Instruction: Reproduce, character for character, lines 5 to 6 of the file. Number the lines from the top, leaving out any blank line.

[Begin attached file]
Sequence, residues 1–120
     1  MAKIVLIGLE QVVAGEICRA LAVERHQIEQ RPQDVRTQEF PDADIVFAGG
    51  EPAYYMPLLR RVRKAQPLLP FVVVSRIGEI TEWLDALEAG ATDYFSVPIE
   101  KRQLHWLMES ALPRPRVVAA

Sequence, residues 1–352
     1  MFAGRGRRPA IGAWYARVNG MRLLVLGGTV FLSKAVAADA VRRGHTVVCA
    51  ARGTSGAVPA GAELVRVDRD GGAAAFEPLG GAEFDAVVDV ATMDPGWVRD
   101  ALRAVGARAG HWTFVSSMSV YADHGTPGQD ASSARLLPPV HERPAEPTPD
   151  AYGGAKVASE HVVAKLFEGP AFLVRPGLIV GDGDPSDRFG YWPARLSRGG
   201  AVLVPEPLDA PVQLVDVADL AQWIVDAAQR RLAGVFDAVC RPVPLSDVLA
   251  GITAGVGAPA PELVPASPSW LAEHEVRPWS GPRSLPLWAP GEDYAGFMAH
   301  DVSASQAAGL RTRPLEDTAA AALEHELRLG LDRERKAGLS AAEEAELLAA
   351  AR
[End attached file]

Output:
Sequence, residues 1–352
     1  MFAGRGRRPA IGAWYARVNG MRLLVLGGTV FLSKAVAADA VRRGHTVVCA